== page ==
Bernie Sanders’ presidential campaign has released its first television ad documenting the Vermont senator’s unlikely journey from Brooklyn to Washington.
“The son of a Polish immigrant who grew up in a Brooklyn tenement,” a voiceover says at the beginning of the minute-long ad. “He went to public schools, then college, where the work of his life began: fighting injustice and inequality. Speaking truth to power.”
It highlights Sanders’ four terms as mayor of Burlington, Vt., his opposition to the Iraq War in Congress and his ongoing battle with Wall Street and “a corrupt political system.”
The spot, entitled “Real Change,” will air in Iowa and New Hampshire, part of a $2 million-plus ad buy, according to the campaign.
The ad also notes that Sanders’ grassroots campaign has been funded “by over a million contributions.”
“People are sick and tired of establishment politics and they want real change,” Sanders says in a clip from a stump speech in Oregon.
“Bernie Sanders: Husband. Father. Grandfather,” the voiceover concludes. “An honest leader — building a movement with you to give us a future to believe in.”
Bernie Sanders speaks at a rally in Portland, Ore., in August. (Photo: Troy Wayrynen/AP)
The ad is designed to introduce Sanders to voters in Iowa and New Hampshire who may not be familiar with his upbringing.
“As some of you know, I was born in a faraway land called Brooklyn,” Sanders said in May while formally announcing his presidential bid. “My father came to this country from Poland without a penny in his pocket and without much of an education. My mother graduated high school in New York City. My father worked for almost his entire life as a paint salesman and we were solidly lower middle class. My parents, brother and I lived in a small, rent-controlled apartment. My mother’s dream was to move out of that small apartment into a home of our own. She died young and her dream was never fulfilled. As a kid I learned, in many, many ways, what lack of money means to a family. That’s a lesson I have never forgotten.”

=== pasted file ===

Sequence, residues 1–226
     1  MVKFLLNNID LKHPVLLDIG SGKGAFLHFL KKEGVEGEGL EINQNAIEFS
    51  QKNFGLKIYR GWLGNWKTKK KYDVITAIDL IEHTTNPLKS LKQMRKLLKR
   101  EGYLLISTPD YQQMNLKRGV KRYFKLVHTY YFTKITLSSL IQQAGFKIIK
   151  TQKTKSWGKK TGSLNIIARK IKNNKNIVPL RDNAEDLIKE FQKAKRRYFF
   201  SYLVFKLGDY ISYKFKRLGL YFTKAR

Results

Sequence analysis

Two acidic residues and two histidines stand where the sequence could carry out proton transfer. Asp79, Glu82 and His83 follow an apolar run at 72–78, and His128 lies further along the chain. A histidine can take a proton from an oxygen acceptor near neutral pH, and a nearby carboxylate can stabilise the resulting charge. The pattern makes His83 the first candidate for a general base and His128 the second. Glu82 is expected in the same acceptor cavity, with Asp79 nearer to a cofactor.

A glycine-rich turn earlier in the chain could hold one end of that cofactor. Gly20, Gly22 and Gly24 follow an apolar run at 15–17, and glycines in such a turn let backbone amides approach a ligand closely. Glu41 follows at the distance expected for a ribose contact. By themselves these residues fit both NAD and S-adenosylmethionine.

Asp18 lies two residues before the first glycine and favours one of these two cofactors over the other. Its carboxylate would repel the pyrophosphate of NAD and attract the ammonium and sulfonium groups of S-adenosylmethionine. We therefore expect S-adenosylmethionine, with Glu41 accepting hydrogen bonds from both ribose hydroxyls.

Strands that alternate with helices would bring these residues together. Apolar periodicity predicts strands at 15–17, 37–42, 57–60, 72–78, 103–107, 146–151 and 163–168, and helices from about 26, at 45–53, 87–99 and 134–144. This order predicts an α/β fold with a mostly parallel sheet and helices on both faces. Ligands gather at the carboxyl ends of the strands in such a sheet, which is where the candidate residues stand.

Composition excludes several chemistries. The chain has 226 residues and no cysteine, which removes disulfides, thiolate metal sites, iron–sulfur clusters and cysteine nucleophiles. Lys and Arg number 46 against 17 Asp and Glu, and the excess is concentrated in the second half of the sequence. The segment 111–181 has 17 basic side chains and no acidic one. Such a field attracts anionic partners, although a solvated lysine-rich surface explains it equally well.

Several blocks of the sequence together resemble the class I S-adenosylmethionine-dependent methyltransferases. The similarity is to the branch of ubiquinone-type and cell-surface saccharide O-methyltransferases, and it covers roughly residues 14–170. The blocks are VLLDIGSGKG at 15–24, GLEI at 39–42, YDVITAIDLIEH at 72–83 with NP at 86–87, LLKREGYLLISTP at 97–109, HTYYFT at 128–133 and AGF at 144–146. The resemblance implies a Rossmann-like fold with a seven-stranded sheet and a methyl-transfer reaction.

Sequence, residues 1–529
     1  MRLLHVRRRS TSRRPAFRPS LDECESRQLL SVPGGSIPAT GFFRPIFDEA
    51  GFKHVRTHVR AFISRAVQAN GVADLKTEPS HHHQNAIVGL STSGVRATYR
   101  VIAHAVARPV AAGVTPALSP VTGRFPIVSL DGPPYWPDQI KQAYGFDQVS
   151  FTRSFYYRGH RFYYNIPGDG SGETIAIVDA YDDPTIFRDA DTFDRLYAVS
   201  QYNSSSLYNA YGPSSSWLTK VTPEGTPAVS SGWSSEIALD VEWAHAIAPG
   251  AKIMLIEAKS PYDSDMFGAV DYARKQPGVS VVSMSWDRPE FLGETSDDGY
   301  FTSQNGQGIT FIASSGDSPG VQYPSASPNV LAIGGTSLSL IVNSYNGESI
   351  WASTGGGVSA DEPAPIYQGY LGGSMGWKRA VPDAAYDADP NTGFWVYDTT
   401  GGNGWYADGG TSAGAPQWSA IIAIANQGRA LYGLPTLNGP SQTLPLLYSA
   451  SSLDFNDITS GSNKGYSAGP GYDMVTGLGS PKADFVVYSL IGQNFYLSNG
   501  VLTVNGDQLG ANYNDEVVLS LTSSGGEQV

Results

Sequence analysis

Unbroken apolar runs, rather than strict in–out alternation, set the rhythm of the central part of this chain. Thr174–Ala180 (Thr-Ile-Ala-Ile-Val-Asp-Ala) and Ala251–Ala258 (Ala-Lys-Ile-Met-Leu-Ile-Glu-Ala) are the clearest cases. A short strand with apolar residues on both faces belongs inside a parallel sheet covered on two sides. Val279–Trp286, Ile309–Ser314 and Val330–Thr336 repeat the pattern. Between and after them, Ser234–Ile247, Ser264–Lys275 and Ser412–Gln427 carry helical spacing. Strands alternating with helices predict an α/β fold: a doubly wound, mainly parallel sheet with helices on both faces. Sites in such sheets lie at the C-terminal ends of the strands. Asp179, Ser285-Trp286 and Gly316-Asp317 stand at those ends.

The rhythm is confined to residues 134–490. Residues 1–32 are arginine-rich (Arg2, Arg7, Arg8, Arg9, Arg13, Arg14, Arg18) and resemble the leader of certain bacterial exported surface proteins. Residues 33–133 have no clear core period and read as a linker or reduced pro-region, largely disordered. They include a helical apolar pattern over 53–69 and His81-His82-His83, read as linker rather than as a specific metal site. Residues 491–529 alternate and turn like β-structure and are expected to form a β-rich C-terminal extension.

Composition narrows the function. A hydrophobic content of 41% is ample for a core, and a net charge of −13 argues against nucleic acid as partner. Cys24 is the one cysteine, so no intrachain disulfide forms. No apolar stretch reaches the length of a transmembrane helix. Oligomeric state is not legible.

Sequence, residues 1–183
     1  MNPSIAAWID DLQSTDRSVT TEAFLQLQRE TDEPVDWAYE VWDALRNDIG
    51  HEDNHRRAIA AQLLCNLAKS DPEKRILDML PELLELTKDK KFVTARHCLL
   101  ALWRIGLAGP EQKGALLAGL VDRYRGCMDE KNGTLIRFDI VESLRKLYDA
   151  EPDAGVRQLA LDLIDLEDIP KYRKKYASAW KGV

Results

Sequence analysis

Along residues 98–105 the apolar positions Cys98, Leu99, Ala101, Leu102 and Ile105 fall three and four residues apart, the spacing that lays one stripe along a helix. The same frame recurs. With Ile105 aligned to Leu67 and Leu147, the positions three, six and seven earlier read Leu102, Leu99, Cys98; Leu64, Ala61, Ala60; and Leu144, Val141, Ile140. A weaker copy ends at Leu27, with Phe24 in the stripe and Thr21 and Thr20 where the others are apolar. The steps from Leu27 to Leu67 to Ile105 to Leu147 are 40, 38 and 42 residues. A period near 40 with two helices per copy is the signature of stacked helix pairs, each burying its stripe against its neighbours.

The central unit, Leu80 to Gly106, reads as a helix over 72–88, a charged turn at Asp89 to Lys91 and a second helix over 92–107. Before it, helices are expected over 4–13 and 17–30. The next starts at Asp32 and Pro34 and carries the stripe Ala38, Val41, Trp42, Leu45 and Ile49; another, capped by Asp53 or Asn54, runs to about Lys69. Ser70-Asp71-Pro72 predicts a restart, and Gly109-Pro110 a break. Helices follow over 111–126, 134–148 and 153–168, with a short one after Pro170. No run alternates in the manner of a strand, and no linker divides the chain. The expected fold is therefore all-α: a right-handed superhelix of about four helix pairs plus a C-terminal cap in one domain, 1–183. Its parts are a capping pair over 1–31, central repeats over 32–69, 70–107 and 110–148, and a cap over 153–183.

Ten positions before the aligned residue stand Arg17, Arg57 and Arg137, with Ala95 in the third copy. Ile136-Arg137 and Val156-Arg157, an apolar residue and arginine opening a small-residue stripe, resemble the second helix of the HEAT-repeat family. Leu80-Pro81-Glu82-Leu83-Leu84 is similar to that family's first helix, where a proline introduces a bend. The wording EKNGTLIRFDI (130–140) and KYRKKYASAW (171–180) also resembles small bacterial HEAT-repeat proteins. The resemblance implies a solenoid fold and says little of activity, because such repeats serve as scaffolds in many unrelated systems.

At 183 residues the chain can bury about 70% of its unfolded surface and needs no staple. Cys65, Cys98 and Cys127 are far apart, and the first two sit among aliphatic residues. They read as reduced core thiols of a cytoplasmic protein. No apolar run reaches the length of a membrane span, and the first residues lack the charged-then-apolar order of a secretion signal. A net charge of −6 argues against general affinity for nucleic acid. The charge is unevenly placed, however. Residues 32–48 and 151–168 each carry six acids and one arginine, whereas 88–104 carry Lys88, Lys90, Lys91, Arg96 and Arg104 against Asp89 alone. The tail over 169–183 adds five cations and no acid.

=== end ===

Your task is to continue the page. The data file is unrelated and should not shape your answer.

Hillary Clinton also highlighted her late mother’s influence in her campaign’s first TV ads that aired in Iowa and New Hampshire in August.
“When I think about why I’m doing this, I think about my mother, Dorothy,” Clinton says in one of them. “I think about all the Dorothys all over America who fight for their families, who never give up. That’s why I’m doing this, that’s why I’ve always done this: for all the Dorothys.”
As expected, Sanders’ first TV ad does not mention his Democratic opponent.
The Vermont senator, who likes to say he’s “never run a negative political ad” in his life, vowed that his campaign would not resort to “reckless personal attacks or character assassination.”
“My campaign will be driven by issues and serious debate, not political gossip,” Sanders said in May. “This is what I believe the American people want and deserve.”